Runner raises money for early menopause after best friend suffers POI at 28 years old

Runner goes the distance for her best friend

Sydney’s life changed when she was diagnosed with premature ovarian insufficiency (POI), also known as early menopause, at the age of 28. On Sunday, her best friend, Natalie, ran the London 10k in her honour, to help fund more research into early menopause.

When Sydney came off her contraceptive pill after 10 years and her period didn’t return, she knew something was wrong. Her GP ran a series of tests before diagnosing her with POI, which affects 1 in 100 women under the age of 40.

Sydney said: “It took me a long time to accept what had happened to my body. It has been a difficult period of my life. I went through waves of feeling so low in myself and also stressed with the situation.”

And as well as the mental impact on her life, the physical symptoms left her feeling isolated.

“I originally suffered from hot flushes, in the middle of meetings or just sitting at my desk at work and it would come over me like I was being set on fire from the inside out. I felt so alone, frustrated and embarrassed,” she explained.

Three years later and Sydney’s hot flashes have subsided, but she still struggles with low libido.

“Being 31 with very little sex drive, it is difficult to manage in a relationship as it also affects the other person,” she said.

When Sydney’s best friend since secondary school, Natalie, heard about Wellbeing of Women through her company, she decided to run the ASICS London 10K to raise as much awareness as possible for POI.

Natalie said: “Learning of the problems Sydney was faced with broke my heart as I love her like a sister. I also felt very helpless as I knew very little about what was happening to her. Sydney is the most funny, generous and spirited person I know. I am so lucky to call her my best friend. She is ridiculously strong.”

Natalie takes inspiration from the way Sydney dealt with her diagnosis, saying that “she is amazing at making light of difficult situations and focusing on the positives.”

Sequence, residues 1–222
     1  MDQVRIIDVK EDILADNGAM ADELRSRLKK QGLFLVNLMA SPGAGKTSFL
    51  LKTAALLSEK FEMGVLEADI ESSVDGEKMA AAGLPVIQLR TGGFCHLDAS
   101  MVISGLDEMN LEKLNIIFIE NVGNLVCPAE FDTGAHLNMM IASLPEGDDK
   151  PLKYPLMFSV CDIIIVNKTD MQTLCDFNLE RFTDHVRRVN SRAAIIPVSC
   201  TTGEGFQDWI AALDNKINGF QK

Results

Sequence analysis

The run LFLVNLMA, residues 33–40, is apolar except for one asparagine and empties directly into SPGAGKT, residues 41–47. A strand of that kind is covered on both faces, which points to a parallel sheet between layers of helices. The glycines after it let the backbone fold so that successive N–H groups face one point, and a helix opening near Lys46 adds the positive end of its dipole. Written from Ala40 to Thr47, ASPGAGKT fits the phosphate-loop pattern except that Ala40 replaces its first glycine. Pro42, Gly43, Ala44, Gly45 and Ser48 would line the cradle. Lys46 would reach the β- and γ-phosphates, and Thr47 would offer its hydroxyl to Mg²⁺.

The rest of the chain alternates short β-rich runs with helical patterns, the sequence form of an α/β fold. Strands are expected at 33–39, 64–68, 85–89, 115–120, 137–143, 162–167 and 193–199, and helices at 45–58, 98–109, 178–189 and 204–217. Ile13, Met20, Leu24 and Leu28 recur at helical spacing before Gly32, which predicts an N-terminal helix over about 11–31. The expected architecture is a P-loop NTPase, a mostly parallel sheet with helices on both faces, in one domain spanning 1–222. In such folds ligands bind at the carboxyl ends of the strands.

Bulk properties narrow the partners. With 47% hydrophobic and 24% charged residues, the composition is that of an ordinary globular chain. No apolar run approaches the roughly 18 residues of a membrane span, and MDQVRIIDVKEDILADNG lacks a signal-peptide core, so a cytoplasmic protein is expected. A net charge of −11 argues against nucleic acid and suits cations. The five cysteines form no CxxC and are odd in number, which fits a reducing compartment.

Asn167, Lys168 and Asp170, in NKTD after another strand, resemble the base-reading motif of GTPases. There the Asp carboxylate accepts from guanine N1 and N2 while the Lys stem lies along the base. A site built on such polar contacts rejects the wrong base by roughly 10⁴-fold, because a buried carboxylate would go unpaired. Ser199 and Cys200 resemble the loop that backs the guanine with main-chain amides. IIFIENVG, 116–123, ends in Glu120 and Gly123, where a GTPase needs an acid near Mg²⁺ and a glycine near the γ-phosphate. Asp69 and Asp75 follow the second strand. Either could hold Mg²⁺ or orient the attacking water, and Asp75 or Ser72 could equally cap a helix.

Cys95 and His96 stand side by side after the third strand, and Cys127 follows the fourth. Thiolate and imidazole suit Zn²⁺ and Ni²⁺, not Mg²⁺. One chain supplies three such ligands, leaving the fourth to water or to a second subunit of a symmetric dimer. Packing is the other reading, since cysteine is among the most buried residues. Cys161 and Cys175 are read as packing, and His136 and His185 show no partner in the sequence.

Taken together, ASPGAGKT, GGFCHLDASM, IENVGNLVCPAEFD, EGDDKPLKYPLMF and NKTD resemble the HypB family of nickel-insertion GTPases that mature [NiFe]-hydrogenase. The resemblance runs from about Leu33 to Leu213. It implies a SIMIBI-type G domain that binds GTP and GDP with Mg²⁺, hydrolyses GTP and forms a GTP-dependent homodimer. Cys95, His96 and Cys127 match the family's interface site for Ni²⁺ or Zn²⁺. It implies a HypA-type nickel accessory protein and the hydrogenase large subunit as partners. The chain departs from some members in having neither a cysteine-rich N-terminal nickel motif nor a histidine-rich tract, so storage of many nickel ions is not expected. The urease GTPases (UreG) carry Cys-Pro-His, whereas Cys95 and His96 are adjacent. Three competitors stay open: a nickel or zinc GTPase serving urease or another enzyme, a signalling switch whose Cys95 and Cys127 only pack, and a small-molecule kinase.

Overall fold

Sydney said of her friend’s sporting efforts:”I can’t begin to describe what it means to me that Natalie is fundraising for this cause. With all the support she has given me since I met her, this has motivated me even more to speak out and share my story with others. I am so proud of Natalie for signing up.”

Both friends hope to raise more awareness in this area.

Natalie said: “I think it’s massively important to educate young girls and women about the physical and emotional problems they might have to face in later years. Raising money for the type of research that Wellbeing of Women carries out is vital for women who face these problems. The more that is known about these subjects, the easier it will be for those effected to navigate.”

Sydney added: “Not only should we be more educated about fertility; we should be all be aware of how are bodies are going to change and the best thing we can do to prepare for it.”

You can donate to support Natalie and Syndey here.

Common symptoms of POI include:

  • Hot flashes
  • Night sweats
  • Palpitations
  • Decreased energy levels
  • Lack of concentration
  • Poor sleep
  • Lack of interest in sex
  • Vaginal dryness
  • Painful intercourse
  • Mood changes
  • Long term risks of cardiovascular disease and osteoporosis